Fureai Kippu is the (inflation-free since credits are units of time) caring currency in Japan, obtained by those who take care of the elderly, spent by them when they are in need of care. Part of the inspiration came from Teruko Mizushima who launched the Volunteer Labour Bank in 1973. The premise of her programme: A "woman's autonomy fluctuates during ther lifetime." When childbearing and childrearing, she needs to borrow time from others while in later motherhood, she might have additional time. Mizushima proposed a system of depositing and withdrawing these resources (Sugiyama Lebra, 1984).
Time banking is a concept based on reciprocity that ensures providing and receiving services in a community. It creates social interaction and (re)connection to communities and by doing so helps maintain physical and mental health, makes sure that vulnerable and isolated elderly people can be reached, provides active life in retirement, reduces costs of the health care system. Regions or cities for instance in Japan, China, Taiwan, Switzerland, and the United States have already introduced it.
Retired persons volunteering provide a few hours of service to help the elderly which ranges from accompanying them to hospital, dog-walking to bringing meals. All services are equally valued (Valor & Papaoikonomou, 2016). By volunteering, people earn and bank in the hours of credit which can later - when old - be used to purchase services from others. In other words, time is banked and used when needed (Ng & Fong, 2019). This approach means contributing to the "Big Society" with an ageing population (Harashi, 2012), contributing to the well-being and empowerment of the community. Time banks are social innovation (Valor & Papaoikonomou, 2016) and might change the image of older persons (Sultana & Locoro, 2016).
In Hong Kong, time banks are changing society from a recipient to a participant one. In 2017, a welfare counciel launched a three-year-banking project in one of the districts aiming to promote elderly to support each other and to improve relationships with neighbours (Ng & Fong, 2019). It developed globally in the 1980s and in the UK in the late 1990s (Gregory, 2014). In the past years, more and more time banks emerged in Spain (Valor & Papaoikonomou, 2016).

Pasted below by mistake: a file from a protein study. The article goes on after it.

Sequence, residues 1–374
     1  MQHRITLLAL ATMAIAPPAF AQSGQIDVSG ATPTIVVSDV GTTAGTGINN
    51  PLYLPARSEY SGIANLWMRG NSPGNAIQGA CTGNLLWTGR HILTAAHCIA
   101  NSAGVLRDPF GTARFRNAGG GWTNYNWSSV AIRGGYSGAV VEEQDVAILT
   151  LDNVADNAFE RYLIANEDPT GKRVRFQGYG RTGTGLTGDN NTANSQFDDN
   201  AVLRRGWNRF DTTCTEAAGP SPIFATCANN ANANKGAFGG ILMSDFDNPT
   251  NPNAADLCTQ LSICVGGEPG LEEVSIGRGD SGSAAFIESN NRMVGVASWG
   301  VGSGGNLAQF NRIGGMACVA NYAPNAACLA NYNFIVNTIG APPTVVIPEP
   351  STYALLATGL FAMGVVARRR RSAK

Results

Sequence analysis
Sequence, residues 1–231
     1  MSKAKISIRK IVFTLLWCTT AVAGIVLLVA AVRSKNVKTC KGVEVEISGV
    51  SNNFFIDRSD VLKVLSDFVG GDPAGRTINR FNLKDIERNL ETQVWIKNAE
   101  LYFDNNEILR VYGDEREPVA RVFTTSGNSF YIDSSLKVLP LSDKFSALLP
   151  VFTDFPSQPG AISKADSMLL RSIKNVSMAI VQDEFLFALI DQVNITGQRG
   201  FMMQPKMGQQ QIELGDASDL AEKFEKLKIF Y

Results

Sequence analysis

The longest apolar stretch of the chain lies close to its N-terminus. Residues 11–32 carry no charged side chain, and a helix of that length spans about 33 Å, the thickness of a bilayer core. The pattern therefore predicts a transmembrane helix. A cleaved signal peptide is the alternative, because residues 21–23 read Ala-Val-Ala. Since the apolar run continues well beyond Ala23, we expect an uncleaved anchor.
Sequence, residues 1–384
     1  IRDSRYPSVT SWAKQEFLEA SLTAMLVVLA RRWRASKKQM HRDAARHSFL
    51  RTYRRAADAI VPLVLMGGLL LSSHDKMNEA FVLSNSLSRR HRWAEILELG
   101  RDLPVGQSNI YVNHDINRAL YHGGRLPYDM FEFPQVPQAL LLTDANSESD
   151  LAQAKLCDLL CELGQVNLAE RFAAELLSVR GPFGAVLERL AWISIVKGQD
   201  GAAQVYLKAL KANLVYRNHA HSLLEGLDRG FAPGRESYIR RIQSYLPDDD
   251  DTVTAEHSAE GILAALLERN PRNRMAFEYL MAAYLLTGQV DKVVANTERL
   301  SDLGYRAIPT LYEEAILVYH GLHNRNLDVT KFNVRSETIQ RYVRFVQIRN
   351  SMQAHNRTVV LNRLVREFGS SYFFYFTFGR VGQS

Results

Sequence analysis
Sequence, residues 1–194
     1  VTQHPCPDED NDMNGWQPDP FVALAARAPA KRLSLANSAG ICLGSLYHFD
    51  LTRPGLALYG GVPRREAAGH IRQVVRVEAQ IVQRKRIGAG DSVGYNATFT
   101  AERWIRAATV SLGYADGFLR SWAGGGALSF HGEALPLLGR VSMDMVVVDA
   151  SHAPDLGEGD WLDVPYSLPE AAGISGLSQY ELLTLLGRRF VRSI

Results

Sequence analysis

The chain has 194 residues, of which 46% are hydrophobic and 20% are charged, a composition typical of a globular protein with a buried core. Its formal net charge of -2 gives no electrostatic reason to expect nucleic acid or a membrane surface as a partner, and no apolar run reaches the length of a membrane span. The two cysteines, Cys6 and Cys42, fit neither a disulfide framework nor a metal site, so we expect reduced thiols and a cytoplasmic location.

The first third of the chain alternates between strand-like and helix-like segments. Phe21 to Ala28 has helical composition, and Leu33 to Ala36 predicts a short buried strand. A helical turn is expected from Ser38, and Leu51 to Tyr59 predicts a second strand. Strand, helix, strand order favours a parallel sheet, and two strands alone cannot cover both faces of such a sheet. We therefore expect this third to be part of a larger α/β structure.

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- Gregory, L. (2014). Resilience or Resistance) Time Banking in the Age of Austerity. Political Science Journal of Contemporary European Studies, link
- Harashi, M. (2012). Japan's Fureai Kippu Time-banking in Elderly Care: Origins, Development, Challenges and Impact. Political Science, link
- Ng, T., Yim, N. & Fong, B. (2019). Time banking for elderly in Hong Kong : current practice and challenges. CAHMR Working Paper Series 2(1).
- Sugiyama Lebra, T. (1984). Japanese Women. Constraint and Fulfillment. Honolulu: University of Hawaii Press.
- Sultana, T. & Locoro, A (2016). No More Throw-away 'Elderly' People: Building a New Image of Ageing via a Time Accounting System. In Markus Garschall, Theo Hamm, Dominik Hornung, Claudia Müller, Katja Neureiter, Marén Schorch, Lex van Velsen (Eds.), International Reports on Socio-Informatics (IRSI), Proceedings of the COOP 2016 - Symposium on challenges and experiences in designing for an ageing society. (Vol. 13, Iss. 3, pp. 35-42), link
- Valor, C. & Papaoikonomou, E. (2016). Time Banking in Spain. Exploring their Structure, Management and Users' Profile. Revista Internacional de Sociologia RIS, 74(1), link
- photograph by Dorothea Lange via